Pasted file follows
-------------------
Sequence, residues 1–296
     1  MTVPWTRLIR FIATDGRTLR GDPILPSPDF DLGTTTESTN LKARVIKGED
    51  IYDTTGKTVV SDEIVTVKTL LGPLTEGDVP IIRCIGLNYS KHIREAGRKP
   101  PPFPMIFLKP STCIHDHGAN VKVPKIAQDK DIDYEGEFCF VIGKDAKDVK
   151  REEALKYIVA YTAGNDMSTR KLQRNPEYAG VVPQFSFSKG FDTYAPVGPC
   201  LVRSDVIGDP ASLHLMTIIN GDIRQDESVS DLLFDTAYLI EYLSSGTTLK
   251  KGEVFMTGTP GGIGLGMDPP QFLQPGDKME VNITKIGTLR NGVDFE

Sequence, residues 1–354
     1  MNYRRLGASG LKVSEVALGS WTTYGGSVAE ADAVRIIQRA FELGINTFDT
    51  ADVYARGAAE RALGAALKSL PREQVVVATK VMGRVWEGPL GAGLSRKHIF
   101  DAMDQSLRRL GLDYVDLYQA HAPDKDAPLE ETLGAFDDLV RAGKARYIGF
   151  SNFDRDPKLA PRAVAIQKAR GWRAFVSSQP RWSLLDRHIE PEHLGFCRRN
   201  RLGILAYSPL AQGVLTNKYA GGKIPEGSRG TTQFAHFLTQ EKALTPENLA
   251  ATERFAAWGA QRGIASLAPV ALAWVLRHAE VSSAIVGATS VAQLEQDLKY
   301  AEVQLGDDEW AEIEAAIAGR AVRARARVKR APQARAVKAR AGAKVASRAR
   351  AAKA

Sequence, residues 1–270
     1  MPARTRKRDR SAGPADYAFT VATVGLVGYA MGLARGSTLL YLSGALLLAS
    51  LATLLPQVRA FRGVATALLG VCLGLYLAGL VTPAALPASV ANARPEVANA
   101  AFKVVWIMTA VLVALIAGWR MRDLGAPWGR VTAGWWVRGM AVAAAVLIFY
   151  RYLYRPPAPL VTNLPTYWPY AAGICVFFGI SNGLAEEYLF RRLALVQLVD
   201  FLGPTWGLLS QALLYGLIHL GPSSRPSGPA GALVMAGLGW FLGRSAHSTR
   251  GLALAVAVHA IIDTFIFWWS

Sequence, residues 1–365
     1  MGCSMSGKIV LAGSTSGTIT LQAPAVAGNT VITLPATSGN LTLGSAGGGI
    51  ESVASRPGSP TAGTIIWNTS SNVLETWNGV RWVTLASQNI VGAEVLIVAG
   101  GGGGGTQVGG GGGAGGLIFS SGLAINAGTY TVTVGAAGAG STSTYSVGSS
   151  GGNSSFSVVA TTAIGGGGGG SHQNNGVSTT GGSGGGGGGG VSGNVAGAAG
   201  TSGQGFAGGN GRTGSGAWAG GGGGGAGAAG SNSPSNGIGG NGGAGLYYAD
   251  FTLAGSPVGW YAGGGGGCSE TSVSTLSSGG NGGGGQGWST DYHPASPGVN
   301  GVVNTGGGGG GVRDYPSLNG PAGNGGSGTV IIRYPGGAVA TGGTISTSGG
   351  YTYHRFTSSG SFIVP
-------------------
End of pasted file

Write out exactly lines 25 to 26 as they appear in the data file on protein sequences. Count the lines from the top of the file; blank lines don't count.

     1  MGCSMSGKIV LAGSTSGTIT LQAPAVAGNT VITLPATSGN LTLGSAGGGI
    51  ESVASRPGSP TAGTIIWNTS SNVLETWNGV RWVTLASQNI VGAEVLIVAG